Wrong is wrong, illegal is illegal
I have been writing about how Michigan House Republicans have been refusing to acknowledge Democrats’ request to have a roll call vote on whether or not to make a bill take “immediate effect” rather than wait until 90 days after the end of the legislative session. Our state constitution says that they can do this if 2/3 of the House votes for it. If 1/5 of the House asks, the vote must be by roll call.
Democrats have over 1/5 of the House.
Republicans do not have 2/3 of the House.
Because of this, they have been ignoring Democrats’ request for roll call votes because they know they do not have the votes for it. In doing so, they are violating the state constitution. The Democrats have sued and were issued a temporary restraining order to keep the Republicans from continuing their abuse of the state constitution. The Republicans, of course, wish to keep violating the state constitution so they have appealed.
In my piece from Friday titled Michigan Republicans have ILLEGALLY passed over 96% (546) of their bills under “immediate effect”, I talked about the revelation made on The Rachel Maddow Show that the House Republicans had been making nearly EVERY bill “immediate effect”. I made a mistake, however, in saying that this was done illegally for 546 of the bills. It’s only illegal if the Democrats request a roll call vote and they have not done this for all 546 bills.
Rachel Maddow got it a bit wrong herself. In her segment, she said “This is new in Michigan governance”. As it turns out, this isn’t the case. I have been in contact with someone (who asked to remain anonymous) who has spent a great deal of time in the Michigan legislature and they said this:
You’re definitely right to point out that the Republicans are violating the law with shady vote counting. But one thing to caution you about is that “immediate effect” largely pro-forma on almost everything. Not granting “immediate effect” has in the past been kind of like doing a filibuster in the US Senate prior to the last 10 years or so–something to do to put a brake on or slow down implementation of something you don’t like, but something done with great restraint so as to not completely gum up the works. [There was a time when] the Republicans controlled both branches of the legislature, had a lock on the judiciary and Engler was governor. I can’t remember which bills, but a few times our members stuck together to deny “immediate effect” to something, at least one time to obviate some bill the Republicans passed (if I recall correctly) because it was addressing something that had to be done that year and wouldn’t matter after that year). But usually, even on really contentious issues, “immediate effect” was granted as a sorta kinda form of respect for the system.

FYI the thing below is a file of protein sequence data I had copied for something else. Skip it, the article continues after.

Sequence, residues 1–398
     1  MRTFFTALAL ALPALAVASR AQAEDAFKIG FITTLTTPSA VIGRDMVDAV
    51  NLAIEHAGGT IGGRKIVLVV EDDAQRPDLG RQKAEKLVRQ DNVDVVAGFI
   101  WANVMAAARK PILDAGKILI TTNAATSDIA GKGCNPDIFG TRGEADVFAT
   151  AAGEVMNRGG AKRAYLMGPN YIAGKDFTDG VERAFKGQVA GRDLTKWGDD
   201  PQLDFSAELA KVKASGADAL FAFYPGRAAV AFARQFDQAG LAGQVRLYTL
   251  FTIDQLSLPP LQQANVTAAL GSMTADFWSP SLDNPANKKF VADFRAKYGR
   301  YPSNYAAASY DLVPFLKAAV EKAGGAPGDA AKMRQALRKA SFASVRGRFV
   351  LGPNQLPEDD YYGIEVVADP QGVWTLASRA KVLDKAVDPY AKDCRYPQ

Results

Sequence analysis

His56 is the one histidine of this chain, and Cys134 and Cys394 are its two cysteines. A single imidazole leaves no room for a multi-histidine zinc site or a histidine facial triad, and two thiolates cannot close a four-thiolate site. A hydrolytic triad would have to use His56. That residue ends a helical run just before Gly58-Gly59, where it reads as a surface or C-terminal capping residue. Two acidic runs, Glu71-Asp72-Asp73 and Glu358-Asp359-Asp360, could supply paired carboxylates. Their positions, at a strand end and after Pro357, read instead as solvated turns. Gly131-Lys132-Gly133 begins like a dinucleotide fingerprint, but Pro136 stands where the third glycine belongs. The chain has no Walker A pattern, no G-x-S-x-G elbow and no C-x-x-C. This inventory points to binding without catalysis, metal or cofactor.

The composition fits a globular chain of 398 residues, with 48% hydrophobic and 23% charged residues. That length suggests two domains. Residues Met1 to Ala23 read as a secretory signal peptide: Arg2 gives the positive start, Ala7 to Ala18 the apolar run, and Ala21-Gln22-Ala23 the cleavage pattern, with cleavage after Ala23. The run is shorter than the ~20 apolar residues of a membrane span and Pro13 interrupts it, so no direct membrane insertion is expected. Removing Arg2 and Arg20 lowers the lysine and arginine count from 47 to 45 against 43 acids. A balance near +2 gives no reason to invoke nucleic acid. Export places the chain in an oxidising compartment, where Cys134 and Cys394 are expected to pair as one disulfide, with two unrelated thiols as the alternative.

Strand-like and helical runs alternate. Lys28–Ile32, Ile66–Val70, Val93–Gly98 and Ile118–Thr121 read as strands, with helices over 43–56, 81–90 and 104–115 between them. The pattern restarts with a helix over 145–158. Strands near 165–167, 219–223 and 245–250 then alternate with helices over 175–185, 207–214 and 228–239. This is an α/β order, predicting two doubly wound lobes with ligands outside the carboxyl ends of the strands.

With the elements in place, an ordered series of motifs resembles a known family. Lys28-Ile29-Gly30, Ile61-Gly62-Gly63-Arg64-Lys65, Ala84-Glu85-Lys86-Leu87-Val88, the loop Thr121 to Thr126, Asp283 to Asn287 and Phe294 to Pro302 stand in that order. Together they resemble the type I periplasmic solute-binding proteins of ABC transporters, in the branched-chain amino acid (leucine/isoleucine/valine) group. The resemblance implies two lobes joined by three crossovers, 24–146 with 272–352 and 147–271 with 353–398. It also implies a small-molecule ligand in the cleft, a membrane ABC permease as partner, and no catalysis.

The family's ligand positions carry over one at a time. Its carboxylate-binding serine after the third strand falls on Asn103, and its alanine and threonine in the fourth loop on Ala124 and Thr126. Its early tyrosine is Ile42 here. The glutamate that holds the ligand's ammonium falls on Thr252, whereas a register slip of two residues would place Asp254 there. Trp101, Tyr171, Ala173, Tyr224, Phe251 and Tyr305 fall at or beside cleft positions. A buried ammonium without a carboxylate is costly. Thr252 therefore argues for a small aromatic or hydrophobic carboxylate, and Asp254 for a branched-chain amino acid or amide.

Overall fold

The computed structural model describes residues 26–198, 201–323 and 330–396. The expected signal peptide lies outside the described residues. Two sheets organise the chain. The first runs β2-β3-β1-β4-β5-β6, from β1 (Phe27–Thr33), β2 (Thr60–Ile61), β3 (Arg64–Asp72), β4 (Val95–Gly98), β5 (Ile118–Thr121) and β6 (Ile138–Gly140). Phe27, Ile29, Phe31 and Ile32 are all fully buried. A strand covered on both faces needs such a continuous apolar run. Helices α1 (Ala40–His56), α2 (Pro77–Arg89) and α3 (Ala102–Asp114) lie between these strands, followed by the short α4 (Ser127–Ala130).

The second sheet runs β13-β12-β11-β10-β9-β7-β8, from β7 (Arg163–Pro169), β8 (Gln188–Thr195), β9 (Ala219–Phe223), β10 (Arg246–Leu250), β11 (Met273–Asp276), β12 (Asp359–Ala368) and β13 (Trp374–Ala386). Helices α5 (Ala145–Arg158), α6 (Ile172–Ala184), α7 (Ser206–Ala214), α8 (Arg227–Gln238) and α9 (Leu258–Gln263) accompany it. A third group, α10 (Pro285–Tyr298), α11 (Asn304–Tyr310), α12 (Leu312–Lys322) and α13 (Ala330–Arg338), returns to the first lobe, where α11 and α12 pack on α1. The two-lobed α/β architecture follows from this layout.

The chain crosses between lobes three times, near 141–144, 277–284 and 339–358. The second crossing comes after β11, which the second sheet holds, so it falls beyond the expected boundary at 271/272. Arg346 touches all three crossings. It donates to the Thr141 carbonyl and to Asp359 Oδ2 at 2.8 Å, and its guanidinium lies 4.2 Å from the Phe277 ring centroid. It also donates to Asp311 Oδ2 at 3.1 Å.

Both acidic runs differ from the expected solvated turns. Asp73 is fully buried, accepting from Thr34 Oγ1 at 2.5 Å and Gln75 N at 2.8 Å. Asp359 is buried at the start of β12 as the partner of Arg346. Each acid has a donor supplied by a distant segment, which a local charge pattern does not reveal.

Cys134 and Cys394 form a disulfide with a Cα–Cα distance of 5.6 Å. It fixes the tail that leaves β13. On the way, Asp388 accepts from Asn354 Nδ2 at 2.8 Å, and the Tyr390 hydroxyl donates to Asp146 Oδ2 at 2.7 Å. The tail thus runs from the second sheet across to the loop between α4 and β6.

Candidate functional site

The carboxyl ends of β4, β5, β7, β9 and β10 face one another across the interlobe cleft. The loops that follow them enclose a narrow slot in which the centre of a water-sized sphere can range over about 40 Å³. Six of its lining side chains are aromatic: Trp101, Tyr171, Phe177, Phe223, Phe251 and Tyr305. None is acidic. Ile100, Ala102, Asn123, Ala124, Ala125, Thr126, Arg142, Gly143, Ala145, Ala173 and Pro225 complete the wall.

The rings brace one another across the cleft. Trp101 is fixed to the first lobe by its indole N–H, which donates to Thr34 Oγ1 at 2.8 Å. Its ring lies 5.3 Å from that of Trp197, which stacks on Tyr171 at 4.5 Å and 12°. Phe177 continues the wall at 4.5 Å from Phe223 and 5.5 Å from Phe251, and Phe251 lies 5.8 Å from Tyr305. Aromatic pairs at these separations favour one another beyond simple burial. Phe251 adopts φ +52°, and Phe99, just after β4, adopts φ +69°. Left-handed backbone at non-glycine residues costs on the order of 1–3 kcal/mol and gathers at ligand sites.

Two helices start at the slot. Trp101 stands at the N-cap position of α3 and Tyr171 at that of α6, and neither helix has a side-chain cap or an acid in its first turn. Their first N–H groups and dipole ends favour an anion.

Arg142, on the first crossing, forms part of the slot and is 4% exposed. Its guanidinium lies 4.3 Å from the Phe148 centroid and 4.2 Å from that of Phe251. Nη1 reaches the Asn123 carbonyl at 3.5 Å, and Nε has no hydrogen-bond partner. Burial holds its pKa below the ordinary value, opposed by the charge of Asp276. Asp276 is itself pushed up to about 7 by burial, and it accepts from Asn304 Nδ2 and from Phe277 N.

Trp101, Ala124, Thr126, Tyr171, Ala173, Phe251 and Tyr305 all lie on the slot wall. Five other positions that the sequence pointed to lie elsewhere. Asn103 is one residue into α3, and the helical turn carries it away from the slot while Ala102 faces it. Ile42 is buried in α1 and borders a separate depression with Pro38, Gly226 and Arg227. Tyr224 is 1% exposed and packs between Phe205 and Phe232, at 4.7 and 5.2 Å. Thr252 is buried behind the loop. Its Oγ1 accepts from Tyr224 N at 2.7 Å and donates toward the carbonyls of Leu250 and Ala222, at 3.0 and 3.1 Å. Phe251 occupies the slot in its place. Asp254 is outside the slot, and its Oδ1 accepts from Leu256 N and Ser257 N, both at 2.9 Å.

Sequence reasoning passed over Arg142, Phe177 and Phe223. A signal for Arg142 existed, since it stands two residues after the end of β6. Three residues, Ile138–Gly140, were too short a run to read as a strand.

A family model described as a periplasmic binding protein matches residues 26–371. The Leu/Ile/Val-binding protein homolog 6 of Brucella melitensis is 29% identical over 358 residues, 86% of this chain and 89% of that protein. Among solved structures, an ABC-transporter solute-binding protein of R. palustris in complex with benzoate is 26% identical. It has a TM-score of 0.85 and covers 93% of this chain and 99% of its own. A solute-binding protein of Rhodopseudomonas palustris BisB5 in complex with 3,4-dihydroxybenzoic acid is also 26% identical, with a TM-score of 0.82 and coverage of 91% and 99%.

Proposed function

Now, to be clear, not granting “immediate effect” usually came at a significant cost. If the Democrats denied “immediate effect” on something, the Republicans would tell the Democrats they would bring the bill up for “immediate effect” again and threaten the Democrats with not passing something the Democrats needed or wanted really badly and that the Republicans could live with or live without, like something that helped the big cities. So it might have been used more frequently had the Republicans not used it as a bargaining chip. But using it as a bargaining chip isn’t really that objectionable; it’s fairly standard legislative horse-trading. I mean, Democrats would sometimes deny “immediate effect” on something they didn’t care about but that the Republicans really needed in order to trade it for something else the Democrats wanted.
Yesterday, the Detroit News explained that, when they were in power, Democrats also made most of their legislation have “immediate effect”, as well.
House Democrats have sued the Republican majority over a procedural move to make bills become laws faster — a maneuver the Dems regularly used when they were in power.
In 2009, the Democratic majority got all but two of the 242 laws it passed to go immediately into effect after then-Gov. Jennifer Granholm signed them.
The next year, Granholm signed 383 laws passed by the House, 365 of which had an immediate-effect clause, Republicans said Friday.
And this, of course, is the crux of of the Republicans’ argument — that it’s okay for them to do this because others have. This is, however, not the point of the lawsuit at all. The point of the lawsuit is that Democrats have the right under the constitution to ask for the roll call vote and they are not being allowed to.
Here again is the photo I published last week of the Democrats trying in vain to be heard:
Click image for larger version. Image courtesy of Representative Jeff Irwin, used with permission.
If you want to see a more astonishing display, here’s the relevant bit of Rachel Maddow’s segment from last Thursday. Pay particular attention at 13:15:
See the hand pop up at 13:15? Follow the yellow arrow in this screenshot: